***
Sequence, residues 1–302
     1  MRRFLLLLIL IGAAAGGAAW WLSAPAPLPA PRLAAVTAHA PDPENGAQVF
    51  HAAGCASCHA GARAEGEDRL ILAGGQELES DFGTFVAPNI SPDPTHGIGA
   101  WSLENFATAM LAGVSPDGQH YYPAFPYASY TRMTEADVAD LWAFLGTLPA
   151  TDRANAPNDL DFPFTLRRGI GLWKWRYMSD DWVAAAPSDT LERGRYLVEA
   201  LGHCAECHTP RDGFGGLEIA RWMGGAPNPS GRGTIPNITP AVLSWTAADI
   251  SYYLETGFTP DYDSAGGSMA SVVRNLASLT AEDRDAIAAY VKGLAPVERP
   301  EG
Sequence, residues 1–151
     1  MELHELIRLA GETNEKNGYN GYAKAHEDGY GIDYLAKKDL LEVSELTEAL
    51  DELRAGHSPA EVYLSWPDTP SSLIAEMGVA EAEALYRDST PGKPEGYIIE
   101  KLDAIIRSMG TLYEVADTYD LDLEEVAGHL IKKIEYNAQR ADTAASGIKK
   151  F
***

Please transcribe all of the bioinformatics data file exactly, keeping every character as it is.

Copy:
Sequence, residues 1–302
     1  MRRFLLLLIL IGAAAGGAAW WLSAPAPLPA PRLAAVTAHA PDPENGAQVF
    51  HAAGCASCHA GARAEGEDRL ILAGGQELES DFGTFVAPNI SPDPTHGIGA
   101  WSLENFATAM LAGVSPDGQH YYPAFPYASY TRMTEADVAD LWAFLGTLPA
   151  TDRANAPNDL DFPFTLRRGI GLWKWRYMSD DWVAAAPSDT LERGRYLVEA
   201  LGHCAECHTP RDGFGGLEIA RWMGGAPNPS GRGTIPNITP AVLSWTAADI
   251  SYYLETGFTP DYDSAGGSMA SVVRNLASLT AEDRDAIAAY VKGLAPVERP
   301  EG
Sequence, residues 1–151
     1  MELHELIRLA GETNEKNGYN GYAKAHEDGY GIDYLAKKDL LEVSELTEAL
    51  DELRAGHSPA EVYLSWPDTP SSLIAEMGVA EAEALYRDST PGKPEGYIIE
   101  KLDAIIRSMG TLYEVADTYD LDLEEVAGHL IKKIEYNAQR ADTAASGIKK
   151  F